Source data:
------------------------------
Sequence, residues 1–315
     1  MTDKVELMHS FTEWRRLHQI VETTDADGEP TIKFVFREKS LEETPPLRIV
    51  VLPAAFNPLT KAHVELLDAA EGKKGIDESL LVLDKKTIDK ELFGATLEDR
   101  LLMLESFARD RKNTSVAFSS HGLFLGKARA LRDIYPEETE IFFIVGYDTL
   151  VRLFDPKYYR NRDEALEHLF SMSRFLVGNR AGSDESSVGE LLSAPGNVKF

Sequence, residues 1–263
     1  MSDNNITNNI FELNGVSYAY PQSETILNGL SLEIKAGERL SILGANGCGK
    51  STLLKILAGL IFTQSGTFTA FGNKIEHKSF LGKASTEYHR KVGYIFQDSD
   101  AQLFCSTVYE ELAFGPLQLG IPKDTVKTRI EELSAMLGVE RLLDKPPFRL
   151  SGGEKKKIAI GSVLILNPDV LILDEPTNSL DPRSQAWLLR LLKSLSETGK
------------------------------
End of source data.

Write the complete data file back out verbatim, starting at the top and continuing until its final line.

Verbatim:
Sequence, residues 1–315
     1  MTDKVELMHS FTEWRRLHQI VETTDADGEP TIKFVFREKS LEETPPLRIV
    51  VLPAAFNPLT KAHVELLDAA EGKKGIDESL LVLDKKTIDK ELFGATLEDR
   101  LLMLESFARD RKNTSVAFSS HGLFLGKARA LRDIYPEETE IFFIVGYDTL
   151  VRLFDPKYYR NRDEALEHLF SMSRFLVGNR AGSDESSVGE LLSAPGNVKF

Sequence, residues 1–263
     1  MSDNNITNNI FELNGVSYAY PQSETILNGL SLEIKAGERL SILGANGCGK
    51  STLLKILAGL IFTQSGTFTA FGNKIEHKSF LGKASTEYHR KVGYIFQDSD
   101  AQLFCSTVYE ELAFGPLQLG IPKDTVKTRI EELSAMLGVE RLLDKPPFRL
   151  SGGEKKKIAI GSVLILNPDV LILDEPTNSL DPRSQAWLLR LLKSLSETGK